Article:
President Moon Jae-in promulgated revisions to the Prosecution Office Law and the Criminal Procedures Law, but the situation is not over.
The Democratic Party of Korea and Moon used tricks and expedients to pass the two bills through the National Assembly and promulgate them in the Cabinet meeting.
The revised laws are fraught with problems. Lawmakers and high-ranking officials will have a better chance of avoiding punishment because prosecutors will be unable to investigate allegations related to elections and public officials.
Moon and the party are to blame for preventing prosecution from investigating suspicions involving himself and figures on his side. The apparent reason for Moon to promulgate the bills with just six days left to his retirement is to prevent Yoon from vetoing them.
Police, already overloaded with work, will have new and more difficult cases on their plate. Victims will likely suffer from insufficient police investigations.
Wrongs must be corrected.
The Constitutional Court ruling against the revised laws is the only way to block them from going into effect in four months’ time.
The People Power Party, to which President-elect Yoon Suk-yeol belongs, asked the Constitutional Court to make a judgment on a competence dispute, arguing that the Democratic Party employed expedients that infringed the rights of opposition party lawmakers to deliberate and vote on bills.
The Supreme Prosecutors’ Office formed a task force last month to examine the constitutionality of the laws in question. Together with the Justice Ministry, the office is expected to request a ruling on a competence dispute after the new government is launched.
The Professors’ Solidarity for Freedom & Justice, an organization of about 6,000 former and incumbent professors in 377 universities and colleges across the country, filed a constitutional complaint, arguing that the amendments violate the basic rights of the people.
The ball is in the court of the Constitutional Court. It should hold hearings promptly. The new laws, which shake the foundation of the country’s criminal judicial system, will go into effect in four months.
The unconstitutionality of the laws looks unquestionable.
A Democratic Party lawmaker defected in order to join the agenda coordination committee as an independent lawmaker. It was an intentional defection to tip the scale of vote in the committee in favor of the bills.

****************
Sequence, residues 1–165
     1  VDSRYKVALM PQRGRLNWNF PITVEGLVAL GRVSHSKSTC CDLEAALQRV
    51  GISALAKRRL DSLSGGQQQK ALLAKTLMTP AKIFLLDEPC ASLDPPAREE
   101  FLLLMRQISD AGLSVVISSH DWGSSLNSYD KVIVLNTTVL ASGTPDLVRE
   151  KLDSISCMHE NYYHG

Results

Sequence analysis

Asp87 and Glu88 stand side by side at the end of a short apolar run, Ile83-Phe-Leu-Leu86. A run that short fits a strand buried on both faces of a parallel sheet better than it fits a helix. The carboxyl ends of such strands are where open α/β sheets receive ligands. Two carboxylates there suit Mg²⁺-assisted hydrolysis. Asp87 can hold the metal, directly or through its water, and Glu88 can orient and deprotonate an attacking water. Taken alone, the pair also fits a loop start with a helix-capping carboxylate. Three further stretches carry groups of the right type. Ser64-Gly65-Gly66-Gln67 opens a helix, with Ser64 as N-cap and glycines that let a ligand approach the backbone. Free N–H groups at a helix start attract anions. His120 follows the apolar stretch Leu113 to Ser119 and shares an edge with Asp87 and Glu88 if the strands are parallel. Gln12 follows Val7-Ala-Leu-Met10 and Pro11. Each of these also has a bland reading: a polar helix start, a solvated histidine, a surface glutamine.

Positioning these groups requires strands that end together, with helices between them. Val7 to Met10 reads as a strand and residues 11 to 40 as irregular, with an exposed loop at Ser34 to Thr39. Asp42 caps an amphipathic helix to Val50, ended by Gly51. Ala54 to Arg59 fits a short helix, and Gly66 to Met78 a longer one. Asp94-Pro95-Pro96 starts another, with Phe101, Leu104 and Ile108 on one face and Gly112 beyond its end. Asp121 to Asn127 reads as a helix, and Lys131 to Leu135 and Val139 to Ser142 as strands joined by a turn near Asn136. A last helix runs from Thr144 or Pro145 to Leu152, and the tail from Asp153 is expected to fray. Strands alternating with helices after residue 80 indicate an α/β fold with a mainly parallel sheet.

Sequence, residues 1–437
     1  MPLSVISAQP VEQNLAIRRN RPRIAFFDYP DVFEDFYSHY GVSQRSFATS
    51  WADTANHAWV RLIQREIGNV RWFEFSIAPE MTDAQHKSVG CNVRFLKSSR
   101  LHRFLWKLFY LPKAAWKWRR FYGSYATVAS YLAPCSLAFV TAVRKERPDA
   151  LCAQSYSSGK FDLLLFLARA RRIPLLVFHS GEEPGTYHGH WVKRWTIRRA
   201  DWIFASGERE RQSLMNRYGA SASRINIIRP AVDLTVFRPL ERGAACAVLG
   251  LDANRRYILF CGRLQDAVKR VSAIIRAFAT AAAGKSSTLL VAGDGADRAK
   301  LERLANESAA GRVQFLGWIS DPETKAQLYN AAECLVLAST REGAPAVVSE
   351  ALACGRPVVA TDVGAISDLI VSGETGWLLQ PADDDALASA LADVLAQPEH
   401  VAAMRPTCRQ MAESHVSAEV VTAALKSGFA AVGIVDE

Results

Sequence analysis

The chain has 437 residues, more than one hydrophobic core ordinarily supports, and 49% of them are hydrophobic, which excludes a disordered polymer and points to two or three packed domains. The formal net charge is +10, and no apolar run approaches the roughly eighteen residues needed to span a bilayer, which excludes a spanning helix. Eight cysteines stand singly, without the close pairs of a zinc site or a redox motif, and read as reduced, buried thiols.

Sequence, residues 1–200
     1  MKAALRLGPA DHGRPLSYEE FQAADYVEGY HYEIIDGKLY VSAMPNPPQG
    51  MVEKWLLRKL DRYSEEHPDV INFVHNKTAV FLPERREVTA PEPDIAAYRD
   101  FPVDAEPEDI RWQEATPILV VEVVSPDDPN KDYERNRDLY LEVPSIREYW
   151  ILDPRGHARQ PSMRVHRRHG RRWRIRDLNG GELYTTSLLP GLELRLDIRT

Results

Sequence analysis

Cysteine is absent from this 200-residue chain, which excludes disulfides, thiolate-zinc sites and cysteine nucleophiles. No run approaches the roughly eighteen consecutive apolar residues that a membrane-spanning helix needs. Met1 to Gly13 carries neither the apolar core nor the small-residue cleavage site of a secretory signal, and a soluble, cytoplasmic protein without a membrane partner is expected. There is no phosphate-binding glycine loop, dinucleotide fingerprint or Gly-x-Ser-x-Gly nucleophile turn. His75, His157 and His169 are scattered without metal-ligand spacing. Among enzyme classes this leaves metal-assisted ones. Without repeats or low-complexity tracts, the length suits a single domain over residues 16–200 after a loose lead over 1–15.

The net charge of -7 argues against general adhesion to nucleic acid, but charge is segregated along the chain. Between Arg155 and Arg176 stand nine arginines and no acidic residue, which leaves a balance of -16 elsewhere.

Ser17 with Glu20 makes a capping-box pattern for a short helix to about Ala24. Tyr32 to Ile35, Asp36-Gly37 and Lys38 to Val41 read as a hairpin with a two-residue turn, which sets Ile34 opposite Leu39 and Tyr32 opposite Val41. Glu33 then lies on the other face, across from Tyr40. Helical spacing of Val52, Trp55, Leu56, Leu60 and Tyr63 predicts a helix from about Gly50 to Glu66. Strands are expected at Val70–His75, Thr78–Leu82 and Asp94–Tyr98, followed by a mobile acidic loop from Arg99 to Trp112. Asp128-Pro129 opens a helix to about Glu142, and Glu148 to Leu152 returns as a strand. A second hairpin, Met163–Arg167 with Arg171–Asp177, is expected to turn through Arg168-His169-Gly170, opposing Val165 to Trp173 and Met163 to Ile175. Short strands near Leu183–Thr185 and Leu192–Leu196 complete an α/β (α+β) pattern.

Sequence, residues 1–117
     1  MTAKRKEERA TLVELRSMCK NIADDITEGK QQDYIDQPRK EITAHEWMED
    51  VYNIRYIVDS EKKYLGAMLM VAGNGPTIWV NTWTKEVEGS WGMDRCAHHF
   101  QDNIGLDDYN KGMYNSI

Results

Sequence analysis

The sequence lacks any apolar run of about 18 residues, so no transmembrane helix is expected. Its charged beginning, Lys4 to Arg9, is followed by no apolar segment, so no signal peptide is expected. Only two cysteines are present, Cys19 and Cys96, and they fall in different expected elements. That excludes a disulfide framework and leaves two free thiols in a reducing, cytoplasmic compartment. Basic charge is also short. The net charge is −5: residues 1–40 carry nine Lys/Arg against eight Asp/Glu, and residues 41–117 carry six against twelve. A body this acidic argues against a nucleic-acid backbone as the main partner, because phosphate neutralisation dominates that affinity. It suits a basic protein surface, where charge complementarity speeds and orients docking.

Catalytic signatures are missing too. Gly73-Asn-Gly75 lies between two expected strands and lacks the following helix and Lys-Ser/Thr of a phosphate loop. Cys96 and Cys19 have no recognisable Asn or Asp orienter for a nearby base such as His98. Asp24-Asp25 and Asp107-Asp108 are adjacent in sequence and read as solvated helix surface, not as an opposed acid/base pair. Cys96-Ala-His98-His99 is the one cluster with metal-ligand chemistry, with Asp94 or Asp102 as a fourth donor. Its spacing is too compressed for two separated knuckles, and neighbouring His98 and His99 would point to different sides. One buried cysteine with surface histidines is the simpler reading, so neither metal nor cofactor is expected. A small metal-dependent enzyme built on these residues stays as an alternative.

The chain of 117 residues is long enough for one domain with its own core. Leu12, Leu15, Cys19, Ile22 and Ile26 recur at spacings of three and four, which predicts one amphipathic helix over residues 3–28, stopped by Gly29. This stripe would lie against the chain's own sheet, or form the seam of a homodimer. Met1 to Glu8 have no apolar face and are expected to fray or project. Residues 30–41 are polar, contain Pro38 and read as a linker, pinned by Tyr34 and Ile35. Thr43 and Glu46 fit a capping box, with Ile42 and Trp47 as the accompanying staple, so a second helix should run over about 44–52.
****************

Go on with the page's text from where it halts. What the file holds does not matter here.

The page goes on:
The committee is supposed to hold up to 90 days of deliberations, but it ended its session in 17 minutes without deliberation. The National Assembly Law stipulates plenary sessions should open at 2 p.m. but one was opened at 10 a.m. in order to send the bills to the Cabinet meeting for promulgation. In a rare move, Moon postponed the opening of his last Cabinet meeting from 10 a.m. to 2 p.m. to approve and promulgate the bills.
The National Court Administration under the Supreme Court expressed a view that it was convincing to regard deprivation of all investigative powers from prosecutors as unconstitutional.
Article 12 of the constitution stipulates prosecutors as officials with authority to request warrants for arrest, detention, search or seizure. A dominant view among legal professionals is that the article means that request for warrants is based on the premise that prosecutors do investigative activities. So, it goes against the constitution to separate investigation from the functions of prosecutors.
A new clause that effectively blocks third-party accusers from appealing police investigations when police close complaints without seeking an indictment can also be viewed as unconstitutional.
If the scope of prosecutors’ indictments must be limited to the range of police investigations, other crimes exposed in the process of investigations will likely be buried.
Eight of nine justices of the Constitutional Court were appointed during the Moon presidency. Five of them are said to be left-leaning.
The Constitutional Court must make a judgment of the constitutionality of the laws strictly from the viewpoint of the constitution, free from ideology and partisanship.
That is the way to defend judicial justice and receive public trust. In a recent poll, more than 60 percent of respondents opposed the revisions. The people are watching.
By Korea Herald (firstname.lastname@example.org